“Students around the country, no matter where they go to school, have the potential to be scientists, researchers and laboratory technicians,” said Eric Kmiec, Ph.D.,  executive director and chief scientific officer of ChristianaCare’s Gene Editing Institute. “Our hope is that by creating access and space for students to explore, we can inspire the next generation of students to pursue STEM careers. The Learning Lab allows us to help cultivate the next generation of genetic scientists and strengthen Delaware and our region as a leader in biotechnology.”

Education Program Manager Amanda Hewes, MS, developed the Learning Lab after noticing a problem that was undercutting the opportunities of teachers to bring gene editing experiments into the classroom — a lack of space and equipment.

“We don’t want anything to hinder the way students learn about CRISPR gene editing,” Hewes said. “If a student feels like there are too many steps, or a teacher doesn’t have an essential piece of equipment, then we’ve lost an opportunity to bring the next generation of scientists into the lab. We’re striving to break down as many barriers as possible for students.”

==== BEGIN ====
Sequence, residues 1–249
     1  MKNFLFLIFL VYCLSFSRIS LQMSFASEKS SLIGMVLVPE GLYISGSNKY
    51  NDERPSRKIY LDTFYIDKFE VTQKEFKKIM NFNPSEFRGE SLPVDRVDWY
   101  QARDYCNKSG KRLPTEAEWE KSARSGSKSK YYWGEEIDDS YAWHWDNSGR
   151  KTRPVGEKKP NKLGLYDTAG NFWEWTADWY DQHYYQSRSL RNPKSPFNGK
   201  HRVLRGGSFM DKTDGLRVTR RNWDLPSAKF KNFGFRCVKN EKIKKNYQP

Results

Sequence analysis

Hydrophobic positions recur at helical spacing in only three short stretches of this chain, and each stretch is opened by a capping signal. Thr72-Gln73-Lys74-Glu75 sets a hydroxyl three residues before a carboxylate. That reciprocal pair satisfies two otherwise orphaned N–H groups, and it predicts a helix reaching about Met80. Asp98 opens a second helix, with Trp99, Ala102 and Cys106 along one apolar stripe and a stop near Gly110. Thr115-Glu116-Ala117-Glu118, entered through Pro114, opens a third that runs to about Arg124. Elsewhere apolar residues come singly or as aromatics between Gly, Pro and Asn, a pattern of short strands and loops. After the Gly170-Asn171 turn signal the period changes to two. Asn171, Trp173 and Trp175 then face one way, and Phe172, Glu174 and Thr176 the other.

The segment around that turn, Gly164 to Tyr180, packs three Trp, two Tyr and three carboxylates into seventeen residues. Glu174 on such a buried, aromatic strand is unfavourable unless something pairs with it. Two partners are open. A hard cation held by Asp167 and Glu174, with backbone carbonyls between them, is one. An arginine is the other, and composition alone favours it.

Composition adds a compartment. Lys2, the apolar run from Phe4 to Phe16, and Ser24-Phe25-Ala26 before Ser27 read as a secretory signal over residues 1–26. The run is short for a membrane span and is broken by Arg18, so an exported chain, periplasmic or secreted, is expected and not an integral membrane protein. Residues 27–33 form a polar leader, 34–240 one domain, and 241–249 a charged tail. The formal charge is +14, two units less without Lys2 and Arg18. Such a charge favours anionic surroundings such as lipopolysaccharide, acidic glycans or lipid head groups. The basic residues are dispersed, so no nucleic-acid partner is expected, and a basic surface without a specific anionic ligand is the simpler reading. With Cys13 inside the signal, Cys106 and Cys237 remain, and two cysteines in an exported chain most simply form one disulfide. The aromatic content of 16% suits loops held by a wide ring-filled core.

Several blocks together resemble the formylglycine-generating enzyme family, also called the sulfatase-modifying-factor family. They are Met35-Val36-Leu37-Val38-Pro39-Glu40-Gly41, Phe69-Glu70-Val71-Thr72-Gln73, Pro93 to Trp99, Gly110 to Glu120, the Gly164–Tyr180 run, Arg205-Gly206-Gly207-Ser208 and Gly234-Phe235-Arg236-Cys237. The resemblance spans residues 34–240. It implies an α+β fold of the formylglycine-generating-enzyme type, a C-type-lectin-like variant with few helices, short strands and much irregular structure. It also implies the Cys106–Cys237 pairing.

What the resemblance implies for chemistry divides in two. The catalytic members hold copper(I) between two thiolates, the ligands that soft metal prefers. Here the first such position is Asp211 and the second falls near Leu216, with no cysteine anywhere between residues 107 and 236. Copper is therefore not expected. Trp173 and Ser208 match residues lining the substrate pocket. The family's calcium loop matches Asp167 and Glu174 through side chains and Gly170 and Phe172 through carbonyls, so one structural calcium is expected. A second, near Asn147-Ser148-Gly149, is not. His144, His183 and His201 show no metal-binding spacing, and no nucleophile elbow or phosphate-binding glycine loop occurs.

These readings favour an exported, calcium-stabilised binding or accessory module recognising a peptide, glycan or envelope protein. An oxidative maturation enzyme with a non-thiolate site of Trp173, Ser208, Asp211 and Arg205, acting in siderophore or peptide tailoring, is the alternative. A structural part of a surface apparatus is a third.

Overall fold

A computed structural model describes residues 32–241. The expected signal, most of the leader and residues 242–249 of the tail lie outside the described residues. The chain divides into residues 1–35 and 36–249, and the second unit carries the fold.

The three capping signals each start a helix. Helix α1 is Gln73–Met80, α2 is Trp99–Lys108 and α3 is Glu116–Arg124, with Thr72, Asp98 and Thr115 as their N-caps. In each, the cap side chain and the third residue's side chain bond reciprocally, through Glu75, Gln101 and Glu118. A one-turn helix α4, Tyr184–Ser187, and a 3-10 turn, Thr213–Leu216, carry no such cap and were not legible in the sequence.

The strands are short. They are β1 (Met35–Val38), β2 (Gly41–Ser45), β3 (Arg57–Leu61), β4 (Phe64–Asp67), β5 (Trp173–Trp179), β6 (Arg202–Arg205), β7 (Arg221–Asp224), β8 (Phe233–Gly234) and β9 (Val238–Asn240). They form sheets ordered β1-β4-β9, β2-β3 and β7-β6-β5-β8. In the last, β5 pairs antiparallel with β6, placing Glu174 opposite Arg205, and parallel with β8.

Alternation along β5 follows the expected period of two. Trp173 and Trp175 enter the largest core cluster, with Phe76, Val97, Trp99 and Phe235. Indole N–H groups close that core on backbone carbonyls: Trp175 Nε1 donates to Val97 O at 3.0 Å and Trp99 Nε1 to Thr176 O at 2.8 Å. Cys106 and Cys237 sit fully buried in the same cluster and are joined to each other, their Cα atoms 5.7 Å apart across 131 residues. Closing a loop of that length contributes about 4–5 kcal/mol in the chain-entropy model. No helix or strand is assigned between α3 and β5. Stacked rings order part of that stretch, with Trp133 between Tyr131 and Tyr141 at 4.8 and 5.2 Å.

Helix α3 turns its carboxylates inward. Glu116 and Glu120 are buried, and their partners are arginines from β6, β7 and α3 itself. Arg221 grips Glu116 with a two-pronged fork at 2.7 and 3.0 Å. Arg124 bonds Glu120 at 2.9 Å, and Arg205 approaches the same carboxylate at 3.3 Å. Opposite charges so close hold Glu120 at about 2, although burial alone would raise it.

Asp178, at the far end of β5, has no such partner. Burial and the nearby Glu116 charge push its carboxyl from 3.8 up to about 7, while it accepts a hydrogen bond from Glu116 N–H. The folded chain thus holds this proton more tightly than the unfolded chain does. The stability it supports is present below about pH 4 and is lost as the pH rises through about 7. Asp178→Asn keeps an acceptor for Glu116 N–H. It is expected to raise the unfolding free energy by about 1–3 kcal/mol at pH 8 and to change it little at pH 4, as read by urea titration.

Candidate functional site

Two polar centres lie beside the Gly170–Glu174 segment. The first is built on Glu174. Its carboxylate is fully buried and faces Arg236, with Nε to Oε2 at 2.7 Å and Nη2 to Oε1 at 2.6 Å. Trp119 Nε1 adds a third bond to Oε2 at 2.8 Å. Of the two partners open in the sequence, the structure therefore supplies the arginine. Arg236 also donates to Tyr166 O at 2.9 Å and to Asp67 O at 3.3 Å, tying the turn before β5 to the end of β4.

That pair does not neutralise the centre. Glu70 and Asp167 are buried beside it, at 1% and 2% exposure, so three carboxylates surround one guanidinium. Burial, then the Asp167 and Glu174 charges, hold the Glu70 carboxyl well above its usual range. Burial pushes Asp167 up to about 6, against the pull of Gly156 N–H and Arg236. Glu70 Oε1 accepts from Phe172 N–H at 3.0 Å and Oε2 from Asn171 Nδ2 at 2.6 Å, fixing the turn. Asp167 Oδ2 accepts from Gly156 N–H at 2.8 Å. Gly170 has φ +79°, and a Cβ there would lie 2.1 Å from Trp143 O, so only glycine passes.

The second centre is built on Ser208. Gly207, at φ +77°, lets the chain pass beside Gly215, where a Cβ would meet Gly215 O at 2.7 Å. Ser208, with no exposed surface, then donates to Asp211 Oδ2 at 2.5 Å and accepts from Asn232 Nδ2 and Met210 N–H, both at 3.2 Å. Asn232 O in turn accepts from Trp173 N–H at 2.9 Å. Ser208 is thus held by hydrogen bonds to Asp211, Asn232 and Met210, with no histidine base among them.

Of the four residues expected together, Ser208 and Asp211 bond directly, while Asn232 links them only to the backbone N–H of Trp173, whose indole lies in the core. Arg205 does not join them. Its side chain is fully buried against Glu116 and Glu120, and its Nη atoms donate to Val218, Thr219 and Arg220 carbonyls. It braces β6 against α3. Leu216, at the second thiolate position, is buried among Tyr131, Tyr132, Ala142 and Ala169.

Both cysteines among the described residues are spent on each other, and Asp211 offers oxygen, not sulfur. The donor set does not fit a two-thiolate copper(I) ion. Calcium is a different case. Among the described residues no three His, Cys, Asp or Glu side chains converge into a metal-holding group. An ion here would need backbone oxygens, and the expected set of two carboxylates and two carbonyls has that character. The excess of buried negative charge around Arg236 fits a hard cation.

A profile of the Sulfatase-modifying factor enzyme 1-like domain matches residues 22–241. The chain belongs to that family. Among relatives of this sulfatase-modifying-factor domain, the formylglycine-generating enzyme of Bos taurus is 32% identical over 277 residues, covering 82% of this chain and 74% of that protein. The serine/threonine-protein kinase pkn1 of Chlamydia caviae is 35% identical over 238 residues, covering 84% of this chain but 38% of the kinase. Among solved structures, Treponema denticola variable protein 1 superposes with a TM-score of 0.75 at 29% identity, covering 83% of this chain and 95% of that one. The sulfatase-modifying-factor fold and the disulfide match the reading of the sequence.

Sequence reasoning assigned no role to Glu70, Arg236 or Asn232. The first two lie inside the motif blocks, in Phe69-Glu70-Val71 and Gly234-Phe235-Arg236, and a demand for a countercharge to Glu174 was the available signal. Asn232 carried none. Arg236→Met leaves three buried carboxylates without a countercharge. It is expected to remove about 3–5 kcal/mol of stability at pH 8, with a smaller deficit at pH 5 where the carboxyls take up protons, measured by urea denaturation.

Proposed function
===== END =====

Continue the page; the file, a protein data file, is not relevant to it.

Learning real-world applications of gene editing

The Learning Lab also allows students to speak directly with experts in the field about careers in biotechnology and gene editing as they learn the difference between such things as phenotypic and genotypic readouts in their gene editing experiments. This gives students the chance to ask about the real-world application of genome experiments in a research lab. It also lets them think about their place in a lab setting.

“I’ve never been in an actual lab setting before,” said Shiloh Lee, a junior at the Charter School of Wilmington, at a recent class. “I think it is very, very cool to be able to experience it.”